Steven Spielberg, David Cronenberg, Colin Firth, Julie Walters and Paul McCartney all lent their support to the campaign to save Twickenham Film Studios and today it became clear that the effort was a success. A mystery buyer has stepped forward to save the studios from closure, to the relief of local residents and film enthusiasts across Britain.
The studios, responsible for classics like Gandhi and The Italian Job as well as recent hits like War Horse and The Iron Lady, had been running at a loss for some time when, in February, it was announced that they would have to close. As well as threatening hundreds of local jobs, this would have deprived the British film industry of one of its major assets and would almost inevitably have led to more productions moving abroad.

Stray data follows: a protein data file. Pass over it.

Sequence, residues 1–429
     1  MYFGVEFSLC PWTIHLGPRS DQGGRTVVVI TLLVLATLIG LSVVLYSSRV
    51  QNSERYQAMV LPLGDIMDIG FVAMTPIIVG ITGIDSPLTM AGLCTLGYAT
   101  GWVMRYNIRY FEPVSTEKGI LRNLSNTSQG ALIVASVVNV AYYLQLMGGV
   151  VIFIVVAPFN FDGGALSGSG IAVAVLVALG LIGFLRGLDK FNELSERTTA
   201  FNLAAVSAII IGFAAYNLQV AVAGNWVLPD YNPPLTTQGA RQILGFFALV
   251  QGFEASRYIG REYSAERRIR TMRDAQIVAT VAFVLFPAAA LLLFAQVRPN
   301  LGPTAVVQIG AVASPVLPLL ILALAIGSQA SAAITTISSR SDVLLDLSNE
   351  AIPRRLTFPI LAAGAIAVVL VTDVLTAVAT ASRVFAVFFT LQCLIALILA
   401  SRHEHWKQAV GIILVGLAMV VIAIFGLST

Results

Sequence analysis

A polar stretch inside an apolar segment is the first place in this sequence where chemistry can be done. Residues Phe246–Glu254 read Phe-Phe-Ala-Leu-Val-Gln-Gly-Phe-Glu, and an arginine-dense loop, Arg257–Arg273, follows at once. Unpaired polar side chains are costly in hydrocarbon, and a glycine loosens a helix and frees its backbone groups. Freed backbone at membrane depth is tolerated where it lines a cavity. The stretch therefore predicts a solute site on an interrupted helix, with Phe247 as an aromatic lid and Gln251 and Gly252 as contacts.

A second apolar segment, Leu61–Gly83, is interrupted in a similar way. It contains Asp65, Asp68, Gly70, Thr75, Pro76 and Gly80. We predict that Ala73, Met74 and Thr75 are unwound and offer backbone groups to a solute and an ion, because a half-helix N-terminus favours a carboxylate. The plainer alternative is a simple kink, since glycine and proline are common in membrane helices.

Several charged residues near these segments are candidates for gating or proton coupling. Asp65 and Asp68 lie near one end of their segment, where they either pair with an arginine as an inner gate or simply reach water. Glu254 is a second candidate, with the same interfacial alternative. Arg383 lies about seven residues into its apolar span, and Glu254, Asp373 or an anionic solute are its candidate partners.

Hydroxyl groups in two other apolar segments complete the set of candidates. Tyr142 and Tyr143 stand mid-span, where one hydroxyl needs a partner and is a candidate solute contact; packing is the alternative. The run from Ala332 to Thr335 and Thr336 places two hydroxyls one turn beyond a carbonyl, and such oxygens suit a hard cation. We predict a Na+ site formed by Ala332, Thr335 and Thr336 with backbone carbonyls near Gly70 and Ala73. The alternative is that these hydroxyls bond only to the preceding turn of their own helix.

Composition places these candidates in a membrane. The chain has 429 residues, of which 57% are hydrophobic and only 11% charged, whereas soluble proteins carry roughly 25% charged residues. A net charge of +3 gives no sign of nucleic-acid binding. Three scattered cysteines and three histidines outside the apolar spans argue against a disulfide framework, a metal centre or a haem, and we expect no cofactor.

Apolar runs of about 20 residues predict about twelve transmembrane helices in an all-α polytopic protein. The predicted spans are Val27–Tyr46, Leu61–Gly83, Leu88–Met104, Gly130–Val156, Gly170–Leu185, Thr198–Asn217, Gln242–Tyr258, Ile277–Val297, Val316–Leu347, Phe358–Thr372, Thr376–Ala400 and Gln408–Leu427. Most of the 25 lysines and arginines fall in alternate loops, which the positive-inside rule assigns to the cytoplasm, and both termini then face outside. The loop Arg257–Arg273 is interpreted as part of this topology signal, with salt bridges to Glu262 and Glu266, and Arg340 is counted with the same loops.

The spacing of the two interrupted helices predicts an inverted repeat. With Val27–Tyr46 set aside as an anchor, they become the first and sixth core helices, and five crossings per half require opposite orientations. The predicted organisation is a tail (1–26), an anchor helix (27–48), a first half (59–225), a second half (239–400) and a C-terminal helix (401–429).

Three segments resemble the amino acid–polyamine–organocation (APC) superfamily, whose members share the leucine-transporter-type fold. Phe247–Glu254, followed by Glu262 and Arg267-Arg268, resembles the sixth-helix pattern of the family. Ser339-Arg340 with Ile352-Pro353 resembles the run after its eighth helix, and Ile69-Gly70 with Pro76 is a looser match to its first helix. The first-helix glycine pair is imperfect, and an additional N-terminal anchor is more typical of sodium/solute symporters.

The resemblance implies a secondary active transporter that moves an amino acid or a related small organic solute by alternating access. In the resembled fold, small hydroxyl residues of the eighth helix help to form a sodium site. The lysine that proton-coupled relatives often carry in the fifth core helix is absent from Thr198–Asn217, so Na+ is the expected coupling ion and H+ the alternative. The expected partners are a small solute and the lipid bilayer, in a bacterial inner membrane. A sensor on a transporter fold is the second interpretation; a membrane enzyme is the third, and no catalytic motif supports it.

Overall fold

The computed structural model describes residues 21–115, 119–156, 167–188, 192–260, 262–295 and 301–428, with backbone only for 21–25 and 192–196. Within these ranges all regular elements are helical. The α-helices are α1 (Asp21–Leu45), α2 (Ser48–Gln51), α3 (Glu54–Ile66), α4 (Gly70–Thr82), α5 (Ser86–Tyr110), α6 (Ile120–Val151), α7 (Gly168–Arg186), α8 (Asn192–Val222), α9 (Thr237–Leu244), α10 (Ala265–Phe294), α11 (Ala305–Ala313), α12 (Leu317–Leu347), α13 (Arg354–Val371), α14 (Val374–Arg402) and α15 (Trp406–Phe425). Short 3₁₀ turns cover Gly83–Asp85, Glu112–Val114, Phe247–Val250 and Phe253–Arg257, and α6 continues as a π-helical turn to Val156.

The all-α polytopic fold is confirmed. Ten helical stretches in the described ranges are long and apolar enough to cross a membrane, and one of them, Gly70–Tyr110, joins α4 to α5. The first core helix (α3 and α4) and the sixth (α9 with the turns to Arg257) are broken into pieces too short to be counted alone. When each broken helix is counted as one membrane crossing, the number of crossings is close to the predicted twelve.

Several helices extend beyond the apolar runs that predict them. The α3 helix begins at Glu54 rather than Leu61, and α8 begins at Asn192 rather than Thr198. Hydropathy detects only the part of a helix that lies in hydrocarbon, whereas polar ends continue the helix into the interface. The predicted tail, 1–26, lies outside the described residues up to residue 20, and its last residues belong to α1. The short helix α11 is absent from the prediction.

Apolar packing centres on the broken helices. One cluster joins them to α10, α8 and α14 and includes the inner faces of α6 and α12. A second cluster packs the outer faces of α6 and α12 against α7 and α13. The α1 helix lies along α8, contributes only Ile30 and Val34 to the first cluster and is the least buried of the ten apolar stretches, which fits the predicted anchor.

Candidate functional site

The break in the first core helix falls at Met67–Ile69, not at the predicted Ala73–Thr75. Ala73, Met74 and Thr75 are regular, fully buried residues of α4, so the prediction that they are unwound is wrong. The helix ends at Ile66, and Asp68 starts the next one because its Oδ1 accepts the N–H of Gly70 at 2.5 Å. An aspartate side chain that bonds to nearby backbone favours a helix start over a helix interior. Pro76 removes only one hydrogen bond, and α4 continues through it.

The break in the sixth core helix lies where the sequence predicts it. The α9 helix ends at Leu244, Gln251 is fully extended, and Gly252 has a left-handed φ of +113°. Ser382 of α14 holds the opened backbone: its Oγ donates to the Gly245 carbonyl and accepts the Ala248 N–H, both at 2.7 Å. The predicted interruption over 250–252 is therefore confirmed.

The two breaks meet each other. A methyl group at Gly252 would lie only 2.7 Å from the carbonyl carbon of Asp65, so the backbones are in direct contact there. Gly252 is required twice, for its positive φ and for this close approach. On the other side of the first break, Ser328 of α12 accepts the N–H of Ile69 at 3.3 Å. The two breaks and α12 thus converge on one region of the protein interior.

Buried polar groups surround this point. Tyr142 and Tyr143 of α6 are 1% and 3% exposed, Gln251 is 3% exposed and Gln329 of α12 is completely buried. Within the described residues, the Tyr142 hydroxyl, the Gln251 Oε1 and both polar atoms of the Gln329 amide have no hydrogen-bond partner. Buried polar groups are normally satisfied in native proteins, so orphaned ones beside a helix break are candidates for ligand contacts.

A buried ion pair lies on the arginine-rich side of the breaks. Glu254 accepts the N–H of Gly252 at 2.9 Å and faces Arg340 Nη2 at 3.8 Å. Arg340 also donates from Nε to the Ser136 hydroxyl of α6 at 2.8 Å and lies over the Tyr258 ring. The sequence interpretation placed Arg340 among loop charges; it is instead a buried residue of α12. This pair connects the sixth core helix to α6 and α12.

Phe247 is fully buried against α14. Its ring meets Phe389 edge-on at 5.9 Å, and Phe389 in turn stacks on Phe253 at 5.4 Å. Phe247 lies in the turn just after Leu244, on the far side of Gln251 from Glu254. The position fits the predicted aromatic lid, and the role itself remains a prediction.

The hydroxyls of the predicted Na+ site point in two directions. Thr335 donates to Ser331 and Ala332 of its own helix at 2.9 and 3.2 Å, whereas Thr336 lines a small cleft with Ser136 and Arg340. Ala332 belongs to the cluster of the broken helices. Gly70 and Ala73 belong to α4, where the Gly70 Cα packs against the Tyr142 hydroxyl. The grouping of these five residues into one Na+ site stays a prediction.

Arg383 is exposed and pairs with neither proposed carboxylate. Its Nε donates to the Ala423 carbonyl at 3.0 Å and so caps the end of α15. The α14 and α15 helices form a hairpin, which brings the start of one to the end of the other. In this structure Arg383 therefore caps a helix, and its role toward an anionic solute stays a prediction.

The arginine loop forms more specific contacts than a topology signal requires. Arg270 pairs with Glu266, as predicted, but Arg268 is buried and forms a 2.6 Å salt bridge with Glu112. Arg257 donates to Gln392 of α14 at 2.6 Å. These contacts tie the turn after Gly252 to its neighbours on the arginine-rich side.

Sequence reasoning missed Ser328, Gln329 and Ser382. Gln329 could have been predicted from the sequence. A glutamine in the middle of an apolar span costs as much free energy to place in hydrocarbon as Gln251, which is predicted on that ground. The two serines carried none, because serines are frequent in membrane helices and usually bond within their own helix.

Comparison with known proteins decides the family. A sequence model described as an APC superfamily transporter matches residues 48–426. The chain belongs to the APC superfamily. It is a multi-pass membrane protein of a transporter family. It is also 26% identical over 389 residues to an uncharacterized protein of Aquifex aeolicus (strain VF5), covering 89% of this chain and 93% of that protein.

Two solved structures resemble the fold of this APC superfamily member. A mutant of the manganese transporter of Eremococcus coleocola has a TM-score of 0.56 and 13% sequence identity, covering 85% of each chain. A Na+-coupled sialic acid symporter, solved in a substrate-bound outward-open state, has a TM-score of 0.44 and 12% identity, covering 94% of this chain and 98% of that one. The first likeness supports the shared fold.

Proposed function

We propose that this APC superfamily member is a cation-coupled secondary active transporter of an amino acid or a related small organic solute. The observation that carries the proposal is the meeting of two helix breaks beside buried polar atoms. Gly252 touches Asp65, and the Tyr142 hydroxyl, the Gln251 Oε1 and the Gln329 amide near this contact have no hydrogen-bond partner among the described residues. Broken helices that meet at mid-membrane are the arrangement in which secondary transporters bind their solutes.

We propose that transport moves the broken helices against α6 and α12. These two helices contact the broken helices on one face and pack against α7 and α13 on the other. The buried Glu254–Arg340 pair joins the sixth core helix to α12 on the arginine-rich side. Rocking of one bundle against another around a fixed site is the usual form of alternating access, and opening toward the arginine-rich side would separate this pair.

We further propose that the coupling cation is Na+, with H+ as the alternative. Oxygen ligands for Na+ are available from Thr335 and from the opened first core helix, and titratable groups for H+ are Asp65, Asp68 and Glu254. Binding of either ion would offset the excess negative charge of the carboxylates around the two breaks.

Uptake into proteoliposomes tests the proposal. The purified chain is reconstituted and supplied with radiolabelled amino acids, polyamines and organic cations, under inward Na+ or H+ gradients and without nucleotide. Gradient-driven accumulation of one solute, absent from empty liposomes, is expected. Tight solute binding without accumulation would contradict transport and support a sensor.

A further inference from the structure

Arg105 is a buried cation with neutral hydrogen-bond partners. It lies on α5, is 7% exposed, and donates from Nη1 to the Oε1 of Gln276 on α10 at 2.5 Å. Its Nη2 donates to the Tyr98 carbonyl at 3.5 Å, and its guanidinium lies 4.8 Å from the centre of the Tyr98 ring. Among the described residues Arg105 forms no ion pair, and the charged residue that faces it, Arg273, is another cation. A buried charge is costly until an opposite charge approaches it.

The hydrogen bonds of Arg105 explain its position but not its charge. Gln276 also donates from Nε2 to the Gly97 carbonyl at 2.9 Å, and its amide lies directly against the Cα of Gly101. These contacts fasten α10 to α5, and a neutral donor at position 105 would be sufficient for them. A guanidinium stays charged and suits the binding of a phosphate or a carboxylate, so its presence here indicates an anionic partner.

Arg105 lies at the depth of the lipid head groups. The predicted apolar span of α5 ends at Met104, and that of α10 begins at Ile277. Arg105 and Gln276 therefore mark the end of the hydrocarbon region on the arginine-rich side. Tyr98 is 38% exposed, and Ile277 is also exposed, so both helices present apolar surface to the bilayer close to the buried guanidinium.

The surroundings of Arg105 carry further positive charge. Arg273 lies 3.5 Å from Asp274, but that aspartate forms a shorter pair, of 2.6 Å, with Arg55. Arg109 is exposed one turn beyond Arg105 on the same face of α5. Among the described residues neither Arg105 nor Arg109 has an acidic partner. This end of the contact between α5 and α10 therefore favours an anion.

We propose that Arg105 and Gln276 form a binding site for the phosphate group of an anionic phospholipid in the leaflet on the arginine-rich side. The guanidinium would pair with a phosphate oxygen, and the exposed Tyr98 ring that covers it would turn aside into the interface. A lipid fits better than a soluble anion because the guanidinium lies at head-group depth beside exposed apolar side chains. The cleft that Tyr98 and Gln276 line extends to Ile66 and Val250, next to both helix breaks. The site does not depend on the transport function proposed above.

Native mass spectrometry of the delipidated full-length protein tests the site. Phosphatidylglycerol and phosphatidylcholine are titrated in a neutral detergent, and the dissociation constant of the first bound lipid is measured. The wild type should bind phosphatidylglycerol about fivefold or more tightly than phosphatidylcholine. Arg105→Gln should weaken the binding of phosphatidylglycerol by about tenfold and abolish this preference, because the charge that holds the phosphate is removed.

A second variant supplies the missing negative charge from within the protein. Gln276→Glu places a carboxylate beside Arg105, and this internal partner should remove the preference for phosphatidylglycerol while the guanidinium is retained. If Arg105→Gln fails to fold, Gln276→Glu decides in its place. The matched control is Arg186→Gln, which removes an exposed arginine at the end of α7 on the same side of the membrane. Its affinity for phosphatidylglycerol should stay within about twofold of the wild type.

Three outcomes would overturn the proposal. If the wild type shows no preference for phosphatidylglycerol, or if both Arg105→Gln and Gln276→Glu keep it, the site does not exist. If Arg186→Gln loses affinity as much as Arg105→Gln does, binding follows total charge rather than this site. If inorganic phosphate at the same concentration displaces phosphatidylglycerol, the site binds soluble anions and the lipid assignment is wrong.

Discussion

Previous interest in the site had come from developers wanting to tear down the studio to build houses, also a concern for local residents, who said the infrastructure in the area could not support the increased population. Although it is understood that the new buyer plans to keep the studio afloat, there is still some concern as their identity will not be revealed until the deal is finalised later this year.